JOURNAL ARTICLE

Seattle Obstructive Lung Disease Questionnaire: sensitivity to outcomes in pulmonary rehabilitation in severe pulmonary illness

Basia Belza, Bonnie G Steele, Kevin Cain, Jeff Coppersmith, JoEllen Howard, Sambasiva Lakshminarayan
Journal of Cardiopulmonary Rehabilitation 2005, 25 (2): 107-14
15818200

PURPOSE: To evaluate the ability of the Seattle Obstructive Lung Disease Questionnaire (SOLDQ) to detect change in health-related quality of life (HRQOL) following a pulmonary rehabilitation program (PRP) and to determine associations with other functional indicators.

METHODS: A prospective pre- and post-test design. A PRP was offered for 60 minutes, 2 times per week for 8 weeks. Measured at entry and exit to the PRP: the SOLDQ (physical, emotional, and coping skills), 6-minute walk, Medical Outcomes Study Short Form Health Survey-36 Veterans (SF-36V) (physical and mental), Lareau Functional Status and Dyspnea Questionnaire, and the Multidimensional Assessment of Fatigue (MAF) scale. Setting was an outpatient PRP in a VA Medical Center.

RESULTS: Participants included 58 adults who completed the PRP (age mean = 66, SD +/- 9.8; FEV1% predicted mean = 39, SD +/- 15.9). At baseline, significant correlations were found between SOLDQ physical functioning and SF-36V physical, dyspnea, fatigue, 6-minute walk distance, SF-36V mental, and spirometry. SOLDQ emotional functioning significantly correlated with fatigue, dyspnea, and SF-36V mental and physical. SOLDQ coping skills significantly correlated with fatigue, dyspnea, and SF-36V mental and physical. Paired, 2-tailed, t tests comparing the SOLDQ subscales pre- and post-program were significant, with the biggest treatment effect seen with emotional functioning. Other measures showing significant improvement included 6-minute walk, SF-36V physical, dyspnea, and fatigue.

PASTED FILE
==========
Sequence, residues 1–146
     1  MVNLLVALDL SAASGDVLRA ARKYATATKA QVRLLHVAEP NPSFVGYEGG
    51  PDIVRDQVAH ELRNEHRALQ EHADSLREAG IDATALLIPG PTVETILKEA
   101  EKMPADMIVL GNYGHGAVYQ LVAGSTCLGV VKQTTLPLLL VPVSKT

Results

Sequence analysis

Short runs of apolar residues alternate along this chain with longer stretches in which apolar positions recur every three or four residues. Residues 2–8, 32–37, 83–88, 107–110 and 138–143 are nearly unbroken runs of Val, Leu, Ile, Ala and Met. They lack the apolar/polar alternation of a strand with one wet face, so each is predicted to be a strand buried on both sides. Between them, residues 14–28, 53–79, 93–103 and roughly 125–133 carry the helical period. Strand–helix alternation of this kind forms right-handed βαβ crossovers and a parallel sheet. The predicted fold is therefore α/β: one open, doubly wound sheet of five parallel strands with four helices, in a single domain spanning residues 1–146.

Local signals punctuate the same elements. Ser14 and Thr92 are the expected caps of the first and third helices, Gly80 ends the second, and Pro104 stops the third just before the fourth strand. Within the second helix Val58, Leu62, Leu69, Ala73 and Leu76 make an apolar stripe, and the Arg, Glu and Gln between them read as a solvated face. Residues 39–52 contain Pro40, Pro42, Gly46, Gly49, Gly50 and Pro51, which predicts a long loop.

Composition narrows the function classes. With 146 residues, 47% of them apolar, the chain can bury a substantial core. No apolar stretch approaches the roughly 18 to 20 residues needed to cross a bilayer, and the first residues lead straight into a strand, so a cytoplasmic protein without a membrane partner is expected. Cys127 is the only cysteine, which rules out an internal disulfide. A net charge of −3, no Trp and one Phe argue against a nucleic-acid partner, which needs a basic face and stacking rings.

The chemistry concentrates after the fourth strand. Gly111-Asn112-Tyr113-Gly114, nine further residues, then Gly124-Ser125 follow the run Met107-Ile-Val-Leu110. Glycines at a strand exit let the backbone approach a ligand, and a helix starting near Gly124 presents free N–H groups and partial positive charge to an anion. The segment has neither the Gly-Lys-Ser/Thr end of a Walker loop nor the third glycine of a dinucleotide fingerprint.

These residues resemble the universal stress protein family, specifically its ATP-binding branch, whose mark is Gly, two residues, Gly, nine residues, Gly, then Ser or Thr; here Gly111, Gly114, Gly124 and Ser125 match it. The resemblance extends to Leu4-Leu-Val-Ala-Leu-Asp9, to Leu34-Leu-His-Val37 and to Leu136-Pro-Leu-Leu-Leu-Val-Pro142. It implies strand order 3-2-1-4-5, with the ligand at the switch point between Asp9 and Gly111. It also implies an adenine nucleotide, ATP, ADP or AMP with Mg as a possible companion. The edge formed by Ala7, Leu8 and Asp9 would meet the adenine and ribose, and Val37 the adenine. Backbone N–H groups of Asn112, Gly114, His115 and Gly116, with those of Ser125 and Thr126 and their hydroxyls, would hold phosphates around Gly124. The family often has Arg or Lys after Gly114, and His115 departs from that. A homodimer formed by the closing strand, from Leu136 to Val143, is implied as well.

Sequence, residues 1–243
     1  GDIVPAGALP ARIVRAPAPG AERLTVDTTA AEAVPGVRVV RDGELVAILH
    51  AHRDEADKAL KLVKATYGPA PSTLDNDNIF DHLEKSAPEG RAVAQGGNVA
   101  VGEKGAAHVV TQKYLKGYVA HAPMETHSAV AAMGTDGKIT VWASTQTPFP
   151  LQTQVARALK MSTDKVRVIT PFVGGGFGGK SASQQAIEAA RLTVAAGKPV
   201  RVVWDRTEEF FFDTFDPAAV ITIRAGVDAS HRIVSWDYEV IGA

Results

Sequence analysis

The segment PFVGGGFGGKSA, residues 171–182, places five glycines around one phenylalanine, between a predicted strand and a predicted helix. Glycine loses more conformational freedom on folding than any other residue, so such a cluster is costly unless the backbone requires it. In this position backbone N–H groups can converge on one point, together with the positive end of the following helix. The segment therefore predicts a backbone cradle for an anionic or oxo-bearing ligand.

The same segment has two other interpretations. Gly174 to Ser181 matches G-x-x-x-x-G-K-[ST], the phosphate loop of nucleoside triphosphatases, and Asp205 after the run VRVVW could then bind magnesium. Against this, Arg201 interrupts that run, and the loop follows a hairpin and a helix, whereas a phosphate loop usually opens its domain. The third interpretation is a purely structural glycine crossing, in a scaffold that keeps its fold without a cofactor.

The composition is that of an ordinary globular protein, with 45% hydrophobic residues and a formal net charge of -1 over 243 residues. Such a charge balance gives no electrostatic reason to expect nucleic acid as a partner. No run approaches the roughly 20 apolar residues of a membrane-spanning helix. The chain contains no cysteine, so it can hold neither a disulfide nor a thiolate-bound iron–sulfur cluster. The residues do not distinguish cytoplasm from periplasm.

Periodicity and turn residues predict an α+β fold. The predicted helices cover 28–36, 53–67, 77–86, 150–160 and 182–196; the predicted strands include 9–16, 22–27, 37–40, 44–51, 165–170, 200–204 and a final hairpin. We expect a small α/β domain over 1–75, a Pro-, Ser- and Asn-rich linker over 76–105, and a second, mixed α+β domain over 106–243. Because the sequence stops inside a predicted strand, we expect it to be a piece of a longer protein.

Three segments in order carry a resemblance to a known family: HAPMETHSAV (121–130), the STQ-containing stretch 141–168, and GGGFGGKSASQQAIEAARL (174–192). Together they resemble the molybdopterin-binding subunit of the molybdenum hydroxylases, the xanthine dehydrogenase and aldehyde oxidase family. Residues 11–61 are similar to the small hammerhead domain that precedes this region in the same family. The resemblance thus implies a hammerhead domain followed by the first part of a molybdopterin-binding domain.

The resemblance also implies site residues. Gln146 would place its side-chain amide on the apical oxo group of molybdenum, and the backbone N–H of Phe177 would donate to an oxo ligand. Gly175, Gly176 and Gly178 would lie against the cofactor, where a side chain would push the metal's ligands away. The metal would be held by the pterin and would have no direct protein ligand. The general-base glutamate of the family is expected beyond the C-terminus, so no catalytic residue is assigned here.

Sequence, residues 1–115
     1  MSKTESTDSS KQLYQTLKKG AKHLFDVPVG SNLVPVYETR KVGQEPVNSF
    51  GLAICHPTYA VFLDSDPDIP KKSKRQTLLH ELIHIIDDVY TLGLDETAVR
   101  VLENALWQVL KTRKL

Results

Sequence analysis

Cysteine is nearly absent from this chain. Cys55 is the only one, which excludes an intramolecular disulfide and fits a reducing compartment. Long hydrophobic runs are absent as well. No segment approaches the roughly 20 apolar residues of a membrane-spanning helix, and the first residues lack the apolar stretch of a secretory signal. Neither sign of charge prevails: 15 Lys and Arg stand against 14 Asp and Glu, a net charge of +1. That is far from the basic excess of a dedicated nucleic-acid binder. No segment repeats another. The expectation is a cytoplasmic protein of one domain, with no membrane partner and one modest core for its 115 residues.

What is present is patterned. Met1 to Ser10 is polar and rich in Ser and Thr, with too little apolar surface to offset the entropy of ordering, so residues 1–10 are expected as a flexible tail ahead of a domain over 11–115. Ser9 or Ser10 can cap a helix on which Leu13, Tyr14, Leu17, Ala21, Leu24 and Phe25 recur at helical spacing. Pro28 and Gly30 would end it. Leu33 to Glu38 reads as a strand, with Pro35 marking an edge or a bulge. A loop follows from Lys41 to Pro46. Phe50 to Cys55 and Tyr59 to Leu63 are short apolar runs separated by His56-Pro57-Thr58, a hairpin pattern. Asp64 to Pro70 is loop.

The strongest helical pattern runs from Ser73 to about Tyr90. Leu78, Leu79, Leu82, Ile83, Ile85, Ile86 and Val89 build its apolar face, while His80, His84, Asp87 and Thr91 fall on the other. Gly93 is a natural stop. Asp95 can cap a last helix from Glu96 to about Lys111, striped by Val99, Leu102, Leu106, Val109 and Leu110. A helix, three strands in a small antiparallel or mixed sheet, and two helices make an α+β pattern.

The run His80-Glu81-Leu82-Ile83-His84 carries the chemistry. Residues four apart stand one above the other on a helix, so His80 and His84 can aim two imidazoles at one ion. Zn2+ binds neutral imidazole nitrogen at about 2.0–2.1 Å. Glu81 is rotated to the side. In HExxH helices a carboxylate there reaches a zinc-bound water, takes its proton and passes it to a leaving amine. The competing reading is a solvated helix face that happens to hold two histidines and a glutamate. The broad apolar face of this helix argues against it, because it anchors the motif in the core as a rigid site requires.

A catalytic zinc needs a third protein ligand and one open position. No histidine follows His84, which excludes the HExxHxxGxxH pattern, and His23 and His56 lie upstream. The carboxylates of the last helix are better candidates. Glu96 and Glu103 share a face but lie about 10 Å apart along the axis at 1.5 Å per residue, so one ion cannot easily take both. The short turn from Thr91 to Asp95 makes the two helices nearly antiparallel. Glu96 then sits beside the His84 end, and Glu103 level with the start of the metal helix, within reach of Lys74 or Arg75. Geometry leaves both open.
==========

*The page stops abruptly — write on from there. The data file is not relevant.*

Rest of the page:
CONCLUSIONS: After participation in a PRP, all 3 SOLDQ subscales improved significantly and were associated with other indicators of function. These findings validate the SOLDQ as a measure sensitive to functional changes associated with participation in pulmonary rehabilitation.

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